Friday, June 6, 2014
Schedule analysis: Alabama
By Alex Scarborough
Revenge is the name of the game for Alabama in 2014, and the Crimson Tide has a schedule that should allow for it to jump right back into the championship hunt after a disappointing end to last season.
Nonconference opponents (with 2013 records)
Aug. 30: West Virginia (4-8)
Sept. 6: Florida Atlantic (6-6)
Sept. 13: Southern Miss (1-11)
Nov. 22: Western Carolina (2-10)
SEC home games
Sept. 20: Florida
Oct. 18: Texas A&M
Nov. 15: Mississippi State
Nov. 29: Auburn
SEC road games
Oct. 10: Ole Miss
Oct. 11: Arkansas
Oct. 25: Tennessee
Nov. 8: LSU
Gut-check time: Before Texas A&M, LSU and Auburn, there will be Ole Miss. Hugh Freeze’s Rebels might not be the best team on Alabama’s schedule this coming season, but it will be the first real challenge the Crimson Tide faces. The season-opener against West Virginia shouldn’t be much of a struggle. Florida Atlantic and Southern Miss in back-to-back weeks should be a breeze. And even if Florida is on the rebound, chances are the Gators will be heavy underdogs in Tuscaloosa. That leaves Ole Miss which serves as Alabama’s first real road test of the season. The fact that the Rebels run an up-tempo offense that features a veteran quarterback and playmakers at receiver makes the matchup all the more intriguing.
Sandwiched between games with LSU and Auburn, Mississippi State, led by QB Dak Prescott, could be trouble for the Tide.
Trap game: We’ll find out on Nov. 15 if Alabama learned its lesson. Before the Tide lost in the last second to Auburn and fell flat against Oklahoma in the Sugar Bowl, it nearly slipped up against Mississippi State in Starkville. The offense was flat, the defense uninspired and the mood as a whole was lacking. Looking back it was a telltale sign of Alabama’s demise. This year the Bulldogs could represent a similar pothole, albeit one wrought with deeper consequences as coach Dan Mullen’s squad should be improved on both sides of the football. After traveling to Baton Rouge, La., the week before to take on LSU, will Alabama be up for another fight? Will it be ready to handle Dak Prescott and the Mississippi State offense? Or, with the Iron Bowl on the horizon, will it fall asleep at the wheel and overlook a team that’s capable of pulling off the upset in Bryant-Denny Stadium?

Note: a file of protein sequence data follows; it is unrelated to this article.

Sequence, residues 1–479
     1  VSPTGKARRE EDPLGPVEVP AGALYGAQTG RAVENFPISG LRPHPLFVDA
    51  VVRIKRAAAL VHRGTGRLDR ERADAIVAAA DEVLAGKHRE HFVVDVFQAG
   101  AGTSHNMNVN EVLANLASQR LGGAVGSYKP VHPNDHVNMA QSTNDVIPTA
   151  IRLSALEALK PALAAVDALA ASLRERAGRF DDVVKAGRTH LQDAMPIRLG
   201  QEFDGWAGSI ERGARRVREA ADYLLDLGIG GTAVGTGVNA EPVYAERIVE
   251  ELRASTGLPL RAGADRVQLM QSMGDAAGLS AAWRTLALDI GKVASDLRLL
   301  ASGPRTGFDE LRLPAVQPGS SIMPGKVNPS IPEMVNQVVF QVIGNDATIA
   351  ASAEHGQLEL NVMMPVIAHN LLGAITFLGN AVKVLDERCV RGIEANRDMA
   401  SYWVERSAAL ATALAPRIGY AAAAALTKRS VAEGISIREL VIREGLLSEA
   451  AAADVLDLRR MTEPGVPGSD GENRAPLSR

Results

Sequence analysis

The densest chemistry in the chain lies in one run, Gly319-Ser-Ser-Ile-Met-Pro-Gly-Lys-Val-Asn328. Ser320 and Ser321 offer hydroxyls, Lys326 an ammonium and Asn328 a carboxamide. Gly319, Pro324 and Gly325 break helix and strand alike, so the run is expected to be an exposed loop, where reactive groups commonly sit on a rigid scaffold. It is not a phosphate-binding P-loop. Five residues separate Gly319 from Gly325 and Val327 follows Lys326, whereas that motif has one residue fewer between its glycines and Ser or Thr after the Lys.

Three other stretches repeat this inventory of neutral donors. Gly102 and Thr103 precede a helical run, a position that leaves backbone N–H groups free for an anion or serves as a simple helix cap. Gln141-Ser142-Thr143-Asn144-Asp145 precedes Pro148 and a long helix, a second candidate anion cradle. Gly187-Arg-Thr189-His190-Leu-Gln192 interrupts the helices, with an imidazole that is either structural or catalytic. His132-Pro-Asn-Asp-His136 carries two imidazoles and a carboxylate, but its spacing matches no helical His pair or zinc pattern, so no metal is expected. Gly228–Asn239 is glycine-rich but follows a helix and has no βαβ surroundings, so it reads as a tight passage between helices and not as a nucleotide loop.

Snoozers: To be fair, West Virginia looked like a great nonconference game a few years ago. Then the Mountaineers dropped to 4-8 under coach Dana Holgorsen. Now Alabama’s nonconference schedule looks like a series of snoozers as no team finished last season above .500. Southern Miss’ one win last year -- yes, one -- came against UAB. Western Carolina beat only Mars Hill and Elon -- the Lions and the Phoenix, if you’re playing the “Name that mascot” game. Florida Atlantic, which finished a cool 6-6, fired its head coach, so don’t expect too much out of the Owls either.
Telltale stretch: The first half of the season should be a breeze for Alabama. The second half, on the other hand, will not. Texas A&M will come to Tuscaloosa on Oct. 18, and we all know what happened the last time the Aggies came to town. Granted Johnny Manziel and Mike Evans won’t be around, but receivers like Ricky Seals-Jones and Speedy Noil are ones to watch. Then there are road trips to Tennessee and LSU. The Vols will be having a hard time of it since no starter returns on either the offensive or defensive line, but the Bayou Bengals are perennially Alabama’s biggest challenge. Throw in home games against a dangerous Mississippi State team and an Auburn squad looking to prove last year was no fluke, and you’re looking at a stretch of games in which the Tide will be forced to dig deep to survive.
Final analysis: Lopsided might be the best word to describe Alabama’s schedule. Back-loaded might be another. But for coach Nick Saban, he should be thankful. His players will have the benefit of a soft first half of the season to learn. Quarterback Jacob Coker, should he win the job, won’t be thrown directly into the fire. The secondary, with three new starters, will get a taste of competition against West Virginia, but nothing life-threatening. By the time Alabama reaches Texas A&M, it should have worked out the kinks. From there it gets interesting. But still, the schedule is favorable. Arkansas comes before Texas A&M, LSU is preceded by a bye week and Mississippi State and Auburn both travel to Tuscaloosa. Oh, and a lot of teams in the West would be quite happy to have Tennessee as its crossover rival. None of this is to say Alabama has it easy. It doesn’t. It just has it easier than a lot of other SEC programs.